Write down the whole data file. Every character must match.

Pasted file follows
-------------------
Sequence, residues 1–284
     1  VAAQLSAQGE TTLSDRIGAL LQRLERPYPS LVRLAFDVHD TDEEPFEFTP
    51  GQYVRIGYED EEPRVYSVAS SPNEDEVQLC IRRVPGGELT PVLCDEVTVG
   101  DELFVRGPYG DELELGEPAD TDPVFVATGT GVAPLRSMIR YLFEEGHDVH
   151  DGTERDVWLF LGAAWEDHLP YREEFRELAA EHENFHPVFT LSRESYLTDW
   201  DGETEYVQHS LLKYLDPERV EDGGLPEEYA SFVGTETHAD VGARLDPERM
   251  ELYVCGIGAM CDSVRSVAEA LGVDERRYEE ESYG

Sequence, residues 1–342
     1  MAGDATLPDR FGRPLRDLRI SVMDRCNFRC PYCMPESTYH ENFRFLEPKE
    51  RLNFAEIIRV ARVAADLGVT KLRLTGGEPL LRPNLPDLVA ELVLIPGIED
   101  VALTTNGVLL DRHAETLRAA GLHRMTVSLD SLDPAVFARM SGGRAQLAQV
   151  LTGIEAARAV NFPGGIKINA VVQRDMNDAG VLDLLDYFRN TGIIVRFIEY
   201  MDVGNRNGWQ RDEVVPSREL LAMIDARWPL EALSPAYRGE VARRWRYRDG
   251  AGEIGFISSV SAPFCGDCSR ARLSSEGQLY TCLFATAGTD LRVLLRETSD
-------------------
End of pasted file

Sequence, residues 1–284
     1  VAAQLSAQGE TTLSDRIGAL LQRLERPYPS LVRLAFDVHD TDEEPFEFTP
    51  GQYVRIGYED EEPRVYSVAS SPNEDEVQLC IRRVPGGELT PVLCDEVTVG
   101  DELFVRGPYG DELELGEPAD TDPVFVATGT GVAPLRSMIR YLFEEGHDVH
   151  DGTERDVWLF LGAAWEDHLP YREEFRELAA EHENFHPVFT LSRESYLTDW
   201  DGETEYVQHS LLKYLDPERV EDGGLPEEYA SFVGTETHAD VGARLDPERM
   251  ELYVCGIGAM CDSVRSVAEA LGVDERRYEE ESYG

Sequence, residues 1–342
     1  MAGDATLPDR FGRPLRDLRI SVMDRCNFRC PYCMPESTYH ENFRFLEPKE
    51  RLNFAEIIRV ARVAADLGVT KLRLTGGEPL LRPNLPDLVA ELVLIPGIED
   101  VALTTNGVLL DRHAETLRAA GLHRMTVSLD SLDPAVFARM SGGRAQLAQV
   151  LTGIEAARAV NFPGGIKINA VVQRDMNDAG VLDLLDYFRN TGIIVRFIEY
   201  MDVGNRNGWQ RDEVVPSREL LAMIDARWPL EALSPAYRGE VARRWRYRDG
   251  AGEIGFISSV SAPFCGDCSR ARLSSEGQLY TCLFATAGTD LRVLLRETSD